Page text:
2. Tony : I agree and I like the idea of the very act of searching changing the outcome of the search.

  3. I know, I always get that pesky watering can whenever I look for a descent cabbage soup recipe.

  4. I agree and I like the idea of the very act of searching changing the outcome of the search.

    Otherwise known as Heisenberg's uncertainty principle - we change the event by the very act of observation. So now we're dipping into quantum mechanics! This gets more interesting by the day. Good work, Alan!

  5. @Roy: "Heisenberg's uncertainty principle - we change the event by the very act of observation." Sounds like Hunter Thompson...

    @Alan: Gee, you rilly write good. (Goodly?) Anyway, this is getting more and more betterer. :)

  6. When I was studying for a MSc in Information Science, the question of information overload came up again and again. We had a high old time, developing strategies for dealing with it. Due to the rapidly evolving nature of information delivery, my conclusion would be, resistance is futile.

    One of lecturers told us of the head of a multi-national, he had done some consultancy work for. This guy had two email addresses. One, for confidential business, which received his immediate attention, and one that automatically deleted all incoming mail.

    When a middle-manager, frustrated at not receiving a reply to his many emails, personally brought this to the attention of his boss, he was told, "if it's that important, people will come and talk to me...and here you are."

  7. Who the hell eats cabbage soup! My father hated the internet. He was no troglodyte but simply thought it provided too much information. Must admit, some of my creative writing searches have revealed an underbelly that I just didn't know existed. Still, when it's not available, I go spare.

  8. Baino : "Who eats cabbage soup?" - Why the person who is searching for a decent watering can of course.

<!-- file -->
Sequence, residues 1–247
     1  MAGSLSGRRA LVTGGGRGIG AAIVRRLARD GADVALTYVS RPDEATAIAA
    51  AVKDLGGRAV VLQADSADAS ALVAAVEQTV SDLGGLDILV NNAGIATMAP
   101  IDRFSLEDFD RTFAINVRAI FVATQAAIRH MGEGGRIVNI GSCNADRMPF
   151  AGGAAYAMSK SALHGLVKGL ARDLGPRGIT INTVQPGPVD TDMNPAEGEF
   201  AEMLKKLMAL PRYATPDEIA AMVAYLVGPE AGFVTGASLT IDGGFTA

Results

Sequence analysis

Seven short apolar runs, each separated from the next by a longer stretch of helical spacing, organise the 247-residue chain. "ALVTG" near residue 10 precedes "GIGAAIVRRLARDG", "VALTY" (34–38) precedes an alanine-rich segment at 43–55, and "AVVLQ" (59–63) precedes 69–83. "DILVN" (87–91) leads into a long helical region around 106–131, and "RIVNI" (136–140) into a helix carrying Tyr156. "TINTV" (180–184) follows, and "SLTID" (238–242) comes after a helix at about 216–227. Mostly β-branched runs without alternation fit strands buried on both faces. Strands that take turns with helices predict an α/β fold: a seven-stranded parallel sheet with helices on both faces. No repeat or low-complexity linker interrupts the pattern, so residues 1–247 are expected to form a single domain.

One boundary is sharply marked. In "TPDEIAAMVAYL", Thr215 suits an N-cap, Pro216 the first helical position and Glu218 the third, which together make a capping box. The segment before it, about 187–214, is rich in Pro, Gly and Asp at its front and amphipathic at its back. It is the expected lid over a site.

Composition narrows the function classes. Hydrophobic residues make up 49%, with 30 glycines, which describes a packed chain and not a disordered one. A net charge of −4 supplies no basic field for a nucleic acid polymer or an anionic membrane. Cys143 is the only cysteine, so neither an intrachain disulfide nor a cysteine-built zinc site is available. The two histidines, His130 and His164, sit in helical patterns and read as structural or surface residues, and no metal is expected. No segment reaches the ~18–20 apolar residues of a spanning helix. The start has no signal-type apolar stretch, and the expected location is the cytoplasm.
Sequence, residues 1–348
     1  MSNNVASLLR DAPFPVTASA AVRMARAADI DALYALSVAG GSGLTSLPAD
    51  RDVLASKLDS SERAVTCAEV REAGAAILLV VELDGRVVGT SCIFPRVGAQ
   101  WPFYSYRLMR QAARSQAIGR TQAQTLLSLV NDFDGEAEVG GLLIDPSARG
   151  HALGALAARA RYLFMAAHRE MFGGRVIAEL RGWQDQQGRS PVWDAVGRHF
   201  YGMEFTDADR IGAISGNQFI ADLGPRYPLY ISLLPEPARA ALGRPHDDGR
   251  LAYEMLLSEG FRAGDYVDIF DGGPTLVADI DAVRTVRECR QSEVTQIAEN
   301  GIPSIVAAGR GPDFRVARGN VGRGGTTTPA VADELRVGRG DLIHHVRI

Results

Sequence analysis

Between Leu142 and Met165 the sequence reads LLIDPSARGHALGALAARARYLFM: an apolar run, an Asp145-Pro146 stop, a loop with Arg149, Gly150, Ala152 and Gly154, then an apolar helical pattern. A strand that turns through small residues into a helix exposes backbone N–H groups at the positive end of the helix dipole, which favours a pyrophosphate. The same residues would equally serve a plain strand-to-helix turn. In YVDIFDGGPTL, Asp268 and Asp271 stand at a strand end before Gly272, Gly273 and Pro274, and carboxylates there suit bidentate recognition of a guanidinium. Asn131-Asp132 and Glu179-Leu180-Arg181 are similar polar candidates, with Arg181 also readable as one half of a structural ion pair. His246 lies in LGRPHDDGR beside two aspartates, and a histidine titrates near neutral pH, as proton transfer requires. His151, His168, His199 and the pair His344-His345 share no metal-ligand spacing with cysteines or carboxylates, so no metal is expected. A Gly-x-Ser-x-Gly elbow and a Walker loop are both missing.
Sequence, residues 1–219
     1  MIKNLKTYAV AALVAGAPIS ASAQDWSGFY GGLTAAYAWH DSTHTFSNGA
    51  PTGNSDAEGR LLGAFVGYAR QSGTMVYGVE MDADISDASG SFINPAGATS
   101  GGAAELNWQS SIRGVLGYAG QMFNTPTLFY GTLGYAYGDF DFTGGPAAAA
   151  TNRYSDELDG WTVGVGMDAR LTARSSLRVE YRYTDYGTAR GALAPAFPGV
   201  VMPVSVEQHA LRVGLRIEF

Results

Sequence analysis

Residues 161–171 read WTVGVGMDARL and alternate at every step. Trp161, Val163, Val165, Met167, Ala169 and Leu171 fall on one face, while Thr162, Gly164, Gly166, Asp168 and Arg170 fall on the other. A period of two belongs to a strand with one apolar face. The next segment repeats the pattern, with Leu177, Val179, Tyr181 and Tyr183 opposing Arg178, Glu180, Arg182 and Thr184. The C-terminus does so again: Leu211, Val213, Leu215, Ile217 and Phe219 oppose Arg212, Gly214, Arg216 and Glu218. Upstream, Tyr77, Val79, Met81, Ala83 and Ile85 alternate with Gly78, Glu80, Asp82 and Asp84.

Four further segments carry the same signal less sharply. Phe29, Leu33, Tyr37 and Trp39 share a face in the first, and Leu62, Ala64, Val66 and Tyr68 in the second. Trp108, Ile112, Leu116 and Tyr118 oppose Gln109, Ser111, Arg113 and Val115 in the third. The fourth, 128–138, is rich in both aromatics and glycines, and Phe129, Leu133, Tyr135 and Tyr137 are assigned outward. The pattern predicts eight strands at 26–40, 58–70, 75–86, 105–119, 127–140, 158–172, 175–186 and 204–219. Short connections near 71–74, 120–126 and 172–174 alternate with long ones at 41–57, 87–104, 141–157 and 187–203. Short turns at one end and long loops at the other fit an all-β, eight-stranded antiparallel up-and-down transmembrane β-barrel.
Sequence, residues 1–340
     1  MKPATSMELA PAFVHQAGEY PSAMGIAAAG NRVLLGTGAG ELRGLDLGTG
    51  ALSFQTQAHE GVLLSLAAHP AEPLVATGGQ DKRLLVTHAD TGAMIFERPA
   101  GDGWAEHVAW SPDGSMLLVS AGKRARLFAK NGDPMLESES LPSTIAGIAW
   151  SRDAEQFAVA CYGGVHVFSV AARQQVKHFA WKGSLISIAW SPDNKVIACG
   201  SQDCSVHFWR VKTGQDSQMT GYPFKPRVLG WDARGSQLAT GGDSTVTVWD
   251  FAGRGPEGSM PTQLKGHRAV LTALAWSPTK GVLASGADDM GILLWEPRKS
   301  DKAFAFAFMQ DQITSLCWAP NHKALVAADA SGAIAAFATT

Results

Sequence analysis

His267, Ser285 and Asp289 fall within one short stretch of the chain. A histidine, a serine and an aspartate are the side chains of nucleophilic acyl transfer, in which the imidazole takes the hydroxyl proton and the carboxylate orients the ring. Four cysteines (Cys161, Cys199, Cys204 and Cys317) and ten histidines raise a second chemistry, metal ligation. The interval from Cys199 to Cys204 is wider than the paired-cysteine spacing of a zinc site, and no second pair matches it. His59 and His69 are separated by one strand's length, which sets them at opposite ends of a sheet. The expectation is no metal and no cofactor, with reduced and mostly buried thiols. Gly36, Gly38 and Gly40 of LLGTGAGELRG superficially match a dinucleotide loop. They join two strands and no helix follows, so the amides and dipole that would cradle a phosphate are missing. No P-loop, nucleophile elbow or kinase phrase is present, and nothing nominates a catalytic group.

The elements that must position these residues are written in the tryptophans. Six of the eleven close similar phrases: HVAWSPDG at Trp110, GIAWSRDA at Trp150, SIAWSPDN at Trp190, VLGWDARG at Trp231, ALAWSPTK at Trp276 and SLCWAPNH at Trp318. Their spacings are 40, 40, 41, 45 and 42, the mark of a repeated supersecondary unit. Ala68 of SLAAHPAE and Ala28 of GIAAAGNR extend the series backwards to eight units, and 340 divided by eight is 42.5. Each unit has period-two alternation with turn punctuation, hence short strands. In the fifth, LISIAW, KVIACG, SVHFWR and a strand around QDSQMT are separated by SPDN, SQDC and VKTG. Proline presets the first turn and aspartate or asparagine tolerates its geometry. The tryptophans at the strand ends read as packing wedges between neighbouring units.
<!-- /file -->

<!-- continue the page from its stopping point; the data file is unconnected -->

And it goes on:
Martin : Love the story
    Tess : You could serve the soup from the watering can.
    Roy : I'm uncertain how to respond to your comments.
    Silver Fox. Thank ewe

  9. Erm... I was just wondering... and, yes, I do realise that the weather has imposed certain restrictions ...but, you know, I was just curious about whether... maybe, perhaps, you might be planning to finish the last two squares soon :) Pleeeeease!

  10. We have some television commercials for Bing search engine that poke fun at the randomness you get when searching on the internet. Do you have those? They are quite funny.

  11. Good approach. I find strategy 3 fraught with peril though. For me at least, there would have to be a clause to keep me from succumbing to the segue ways. I start out looking for one thing, find something related that must be investigated right away, and before I know it I have spent hours wandering aimlessly on the internet.

  12. " rids you of preconceived assumptions, and it can help you to identify connections that are not otherwise obvious." <<-- This is so me and loving this option. I'd rather do or go about something "differently" than what the norm is, as I most often like the discoveries of it all! :)

  13. Yes, i so agree that the random /chance approach works so well. Through it I no doubt came across your blog the first place.

    I really like your speech thus far, btw. So true about the different approaches to info gathering. I think Alan you were born for such a time as this. you love this stuff. Do you ever wish you were a good 40 years younger or something so you can see where this whole cyber gathering highway will take us?

  14. BTW, I do remember that google search feature. Loved that. Didn't realise it was gone actually. That is how fast the world is going by us. :)